# Approximating by Simple Functions but $F_k(x)$

I am following the proof of approximating point-wise, non-negative measurable functions by simple functions in Stein and Shakarchi (2009).

I am little confused in their initial steps of truncation.

They state:

For $$k\geq1$$, let $$Q_k$$ denote the cube centered at the origin with a side length $$k$$. Then we define, $$F_k(x)=f(x) \space\space\text{if x\in Q_k,f(x)\leq k},\\k\space\space\text{if x\in Q_k,f(x)> k}\\0\space\space \text{otherwise}.$$ $$F_k(x)\rightarrow f(x)$$ as $$k\rightarrow\infty$$ for all $$x$$.

My questions:

(1) Why are we defining $$F_k(x)$$ here. Is this a simple function? Just recalling the definition, I thought the simple function is a finite sum of characteristic functions over a measurable set. I don't see how $$F$$ is related.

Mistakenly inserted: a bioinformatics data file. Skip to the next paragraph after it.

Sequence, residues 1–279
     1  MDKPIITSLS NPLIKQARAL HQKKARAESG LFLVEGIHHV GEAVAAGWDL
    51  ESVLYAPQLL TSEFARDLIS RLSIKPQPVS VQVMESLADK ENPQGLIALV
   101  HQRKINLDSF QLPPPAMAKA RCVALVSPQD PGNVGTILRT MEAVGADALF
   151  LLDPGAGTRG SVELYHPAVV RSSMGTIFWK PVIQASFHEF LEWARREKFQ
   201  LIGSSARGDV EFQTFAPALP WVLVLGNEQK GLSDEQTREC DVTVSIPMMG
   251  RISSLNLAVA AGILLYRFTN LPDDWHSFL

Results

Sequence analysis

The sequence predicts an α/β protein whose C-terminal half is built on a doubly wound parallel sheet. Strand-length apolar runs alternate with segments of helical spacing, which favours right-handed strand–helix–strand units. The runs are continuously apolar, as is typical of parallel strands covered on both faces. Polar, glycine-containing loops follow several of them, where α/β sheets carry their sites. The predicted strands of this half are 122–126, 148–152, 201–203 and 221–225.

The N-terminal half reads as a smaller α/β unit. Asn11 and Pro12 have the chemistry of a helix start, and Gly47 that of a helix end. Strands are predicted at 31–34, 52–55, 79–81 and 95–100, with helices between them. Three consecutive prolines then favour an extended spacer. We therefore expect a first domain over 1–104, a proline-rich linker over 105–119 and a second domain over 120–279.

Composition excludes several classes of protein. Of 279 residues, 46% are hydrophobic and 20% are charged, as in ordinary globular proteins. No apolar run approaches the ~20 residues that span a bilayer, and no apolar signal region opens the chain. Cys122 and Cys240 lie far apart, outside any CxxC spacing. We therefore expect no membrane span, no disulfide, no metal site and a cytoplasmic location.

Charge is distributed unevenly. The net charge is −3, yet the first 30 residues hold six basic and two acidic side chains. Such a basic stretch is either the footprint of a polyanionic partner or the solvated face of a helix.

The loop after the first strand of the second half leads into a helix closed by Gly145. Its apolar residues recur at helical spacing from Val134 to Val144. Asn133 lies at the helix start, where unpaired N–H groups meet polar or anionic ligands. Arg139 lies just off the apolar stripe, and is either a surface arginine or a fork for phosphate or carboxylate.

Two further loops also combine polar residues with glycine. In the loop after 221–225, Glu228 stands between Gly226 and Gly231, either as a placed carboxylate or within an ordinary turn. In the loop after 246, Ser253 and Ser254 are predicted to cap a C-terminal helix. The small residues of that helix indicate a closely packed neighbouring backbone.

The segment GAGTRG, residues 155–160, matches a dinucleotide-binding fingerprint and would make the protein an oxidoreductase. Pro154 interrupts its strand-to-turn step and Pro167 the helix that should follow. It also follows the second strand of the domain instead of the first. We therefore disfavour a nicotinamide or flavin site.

(2) Why does $$F_k$$ converge point-wise to $$f$$?

Reference: $$\textit{Real Analysis: Measure Theory, Integration, and Hilbert Spaces}$$. Elias M. Stein, Rami Shakarchi. Princeton University Press, 2009.

It looks to me like it is a simple function outside of the $$k$$-cube, and it is a bounded, continuous function inside the $$k$$-cube - is that good enough for the proof they are doing?
It does converge pointwise to $$x$$, because for each $$x$$, eventually both of these is true: 1.) $$x$$ is in every $$k$$-cube for every $$k$$ above some $$N_1$$, and $$f(x) < k$$ for every $$k$$ above some $$N_2$$. So, for each $$x$$, eventually $$F_k(x) = f(x)$$.